By Lauren Morley on Mar 28, 2018, 1:31:46 PM
New cybersecurity threats like phishing attacks, ransomware, and scams are always popping up. Stay up to date on the latest widespread threats and protection methods in our recurring series.
Applebee's point-of-sale malware attack
Over 160 Applebee's restaurants in the United States appear to have been victims of malware, causing the breach of customer data.
“Based on the experts’ investigation, RMH believes that unauthorized software placed on the point-of-sale system at certain RMH-owned and -operated Applebee’s restaurants was designed to capture payment card information and may have affected a limited number of purchases made at those locations,” it explained.
“Certain guests’ names, credit or debit card numbers, expiration dates and card verification codes processed during limited time periods could have been affected. The exact dates vary by location. Payments made online or using self-pay tabletop devices were not affected by this incident.” (RMH Franchise Holdings [page removed since writing of this article])
"Those hit include outlets in Alabama, Arizona, Texas, Florida, Illinois, Indiana, Kansas, Kentucky, Ohio, Mississippi, Missouri, Nebraska, Oklohoma, Pennsylvania and Wyoming.
In the majority of cases, malware was allowed to sit on the POS systems for around a month, between December 6, 2017 and January 2, 2018. In a few locations it was active from November 23 or December 5, 2017." (Infosecurity Magazine)
What to do: If you visited an Applebee's restaurant between the dates listed, closely monitor your card statements for any unusual activity. If you see any unauthorized charges, report it to the issuing bank immediately. RMH has engaged cybersecurity experts and notified the police about the incident, and will continue to take measures to mitigate any damage.
Walmart jewelry partner exposed customer data
"Walmart jewelry partner MBM left personal data for more than 1.3 million customers in the US and Canada exposed without a password.
The Chicago, Illnois-based jewelry company, which operated under the name Limogés Jewelry, left names, addresses, ZIP codes, phone numbers, email addresses, IP addresses and passwords publicly available in an AWS S3 bucket – data that can be used to carry out targeted fraud or phishing attempts." (Infosecurity Magazine)
It's estimated this incident exposed the data of 1.3 million customers. There is no evidence currently that the data was accessed by a malicious party, but that doesn't eliminate the possibility.
What to do: If you're a Walmart customer, and especially if you've purchased jewelry there in the past few years, keep an eye on your bank statements. Notify your bank of any unauthorized charges immediately.
Facebook/Cambridge Analytica data harvesting
In probably the biggest story of the month, we learned that "Cambridge Analytica, a data analytics firm which is currently under investigation by the ICO, was revealed to journalists working for the Observer to have used personal information taken without authorization in early 2014 to build a system that could profile individual US voters. It is thought the purpose of this was to target Facebook users with personalized political advertisements.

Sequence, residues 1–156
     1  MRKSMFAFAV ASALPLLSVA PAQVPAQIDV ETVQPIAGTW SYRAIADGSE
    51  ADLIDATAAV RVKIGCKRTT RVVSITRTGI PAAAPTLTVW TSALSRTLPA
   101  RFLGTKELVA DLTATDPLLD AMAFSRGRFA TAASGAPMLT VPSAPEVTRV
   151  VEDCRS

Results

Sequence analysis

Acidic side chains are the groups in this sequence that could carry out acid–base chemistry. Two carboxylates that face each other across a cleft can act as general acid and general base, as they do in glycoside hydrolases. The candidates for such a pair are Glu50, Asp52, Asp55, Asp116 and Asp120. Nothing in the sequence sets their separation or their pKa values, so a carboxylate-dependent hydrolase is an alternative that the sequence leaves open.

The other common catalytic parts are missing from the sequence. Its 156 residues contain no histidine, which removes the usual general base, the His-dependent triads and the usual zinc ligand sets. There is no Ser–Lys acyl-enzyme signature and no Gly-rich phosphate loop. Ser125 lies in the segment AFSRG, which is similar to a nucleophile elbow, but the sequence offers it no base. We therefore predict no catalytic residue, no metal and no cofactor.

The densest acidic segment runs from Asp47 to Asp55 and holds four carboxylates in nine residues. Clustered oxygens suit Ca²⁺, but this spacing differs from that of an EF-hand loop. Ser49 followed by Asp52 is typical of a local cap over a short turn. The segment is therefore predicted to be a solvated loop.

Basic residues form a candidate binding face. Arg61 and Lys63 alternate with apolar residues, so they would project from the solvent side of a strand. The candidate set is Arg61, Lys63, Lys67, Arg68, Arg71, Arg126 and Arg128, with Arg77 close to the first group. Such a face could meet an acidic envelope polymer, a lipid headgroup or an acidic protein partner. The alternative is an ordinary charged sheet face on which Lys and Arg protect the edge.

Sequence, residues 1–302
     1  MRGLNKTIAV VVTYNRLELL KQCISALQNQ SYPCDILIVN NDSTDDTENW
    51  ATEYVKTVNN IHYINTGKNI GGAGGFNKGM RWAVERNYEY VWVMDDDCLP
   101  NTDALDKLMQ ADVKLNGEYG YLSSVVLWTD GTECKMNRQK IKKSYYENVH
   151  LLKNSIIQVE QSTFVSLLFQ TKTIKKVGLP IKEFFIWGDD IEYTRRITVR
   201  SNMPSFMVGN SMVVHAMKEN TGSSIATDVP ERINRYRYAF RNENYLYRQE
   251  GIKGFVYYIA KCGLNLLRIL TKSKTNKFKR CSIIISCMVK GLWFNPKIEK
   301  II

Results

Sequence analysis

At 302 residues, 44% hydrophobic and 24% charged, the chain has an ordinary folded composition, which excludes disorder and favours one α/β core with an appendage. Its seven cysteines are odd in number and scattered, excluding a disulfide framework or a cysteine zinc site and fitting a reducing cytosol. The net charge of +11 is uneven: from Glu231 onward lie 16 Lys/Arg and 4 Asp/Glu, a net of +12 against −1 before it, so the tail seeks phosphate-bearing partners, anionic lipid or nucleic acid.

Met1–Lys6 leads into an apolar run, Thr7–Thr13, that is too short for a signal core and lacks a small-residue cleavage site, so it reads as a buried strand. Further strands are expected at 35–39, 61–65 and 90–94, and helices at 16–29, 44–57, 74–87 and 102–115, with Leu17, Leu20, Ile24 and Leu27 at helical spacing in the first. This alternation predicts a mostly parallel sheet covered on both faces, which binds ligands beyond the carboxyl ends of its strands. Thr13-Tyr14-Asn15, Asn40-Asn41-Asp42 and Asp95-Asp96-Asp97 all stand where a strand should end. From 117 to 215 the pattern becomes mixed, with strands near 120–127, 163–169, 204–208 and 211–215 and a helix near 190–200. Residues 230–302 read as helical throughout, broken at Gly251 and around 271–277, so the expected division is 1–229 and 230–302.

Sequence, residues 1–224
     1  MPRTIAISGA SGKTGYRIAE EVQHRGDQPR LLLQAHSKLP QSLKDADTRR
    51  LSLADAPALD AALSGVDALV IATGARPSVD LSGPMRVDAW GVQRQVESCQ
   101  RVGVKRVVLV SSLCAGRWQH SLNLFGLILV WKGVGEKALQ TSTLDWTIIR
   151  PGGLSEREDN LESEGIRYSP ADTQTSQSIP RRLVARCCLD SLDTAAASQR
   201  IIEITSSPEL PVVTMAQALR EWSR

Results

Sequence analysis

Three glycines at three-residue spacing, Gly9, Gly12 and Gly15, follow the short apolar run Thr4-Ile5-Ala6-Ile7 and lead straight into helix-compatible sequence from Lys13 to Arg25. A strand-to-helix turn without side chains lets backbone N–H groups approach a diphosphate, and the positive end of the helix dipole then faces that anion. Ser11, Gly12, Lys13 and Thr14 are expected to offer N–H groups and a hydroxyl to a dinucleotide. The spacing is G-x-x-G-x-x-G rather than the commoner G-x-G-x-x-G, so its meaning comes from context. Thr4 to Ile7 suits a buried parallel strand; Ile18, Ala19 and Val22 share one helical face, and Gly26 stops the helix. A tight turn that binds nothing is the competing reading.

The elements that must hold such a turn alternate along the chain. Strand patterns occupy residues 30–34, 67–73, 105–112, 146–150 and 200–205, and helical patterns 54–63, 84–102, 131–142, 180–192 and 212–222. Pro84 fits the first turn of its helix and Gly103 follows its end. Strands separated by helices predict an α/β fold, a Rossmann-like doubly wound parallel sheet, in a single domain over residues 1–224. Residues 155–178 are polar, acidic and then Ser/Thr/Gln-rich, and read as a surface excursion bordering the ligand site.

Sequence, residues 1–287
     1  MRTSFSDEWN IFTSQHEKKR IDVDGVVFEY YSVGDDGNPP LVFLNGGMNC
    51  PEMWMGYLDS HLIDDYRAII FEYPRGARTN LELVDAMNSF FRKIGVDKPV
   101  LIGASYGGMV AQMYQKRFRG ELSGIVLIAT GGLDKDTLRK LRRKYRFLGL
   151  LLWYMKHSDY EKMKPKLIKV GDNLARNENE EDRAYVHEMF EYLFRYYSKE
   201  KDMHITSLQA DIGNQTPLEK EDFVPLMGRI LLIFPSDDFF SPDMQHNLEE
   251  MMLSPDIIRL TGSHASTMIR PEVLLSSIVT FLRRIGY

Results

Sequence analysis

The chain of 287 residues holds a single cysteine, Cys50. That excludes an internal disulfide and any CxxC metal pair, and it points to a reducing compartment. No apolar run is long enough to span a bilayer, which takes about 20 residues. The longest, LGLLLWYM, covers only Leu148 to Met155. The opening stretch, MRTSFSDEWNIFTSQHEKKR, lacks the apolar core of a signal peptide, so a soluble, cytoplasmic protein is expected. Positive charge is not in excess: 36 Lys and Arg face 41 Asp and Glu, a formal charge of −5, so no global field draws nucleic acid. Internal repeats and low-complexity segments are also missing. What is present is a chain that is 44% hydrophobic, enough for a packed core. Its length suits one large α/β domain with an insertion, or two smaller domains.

According to the Observer: 'Documents seen [by the Observer], and confirmed by a Facebook statement, showed that by late 2015 the company had found out that information had been harvested on an unprecedented scale. However, at the time it failed to alert users and took only limited steps to recover and secure the private information of more than 50 million individuals.'" (Infosecurity Magazine)
Additionally, Facebook was revealed to be harvesting cell phone call and text data from Android users. Facebook claimed that this was a feature that users had to expressly consent to to enhance their experience, but user reports are conflicting.
This incident is still unfolding, but many users have already expressed their dissatisfaction through the #DeleteFacebook campaign.
What to do: Facebook has introduced a feature that allows you to view and delete the data they've collected about you. If you can't delete Facebook, this is the next best solution. Visit this page on Today.com to learn how to control your data.
Orbitz data breach
The travel site Orbitz.com has likely been hacked, exposing the data of 880,000 payment cards and customers' personal information. "The company said evidence suggests an attacker may have accessed information stored on a legacy e-commerce platform during two periods: 1 January through 22 June 2016 and 1 October to 22 December 2017." (Infosecurity Magazine)
The issue may have arisen during Expedia's purchase of the company in 2015.
What to do: Orbitz is offering customers a free year of credit monitoring. Keep an eye on credit statements and look out for unauthorized charges.
If you need some extra help identifying or protecting against any of these or other cybersecurity threats, let us know!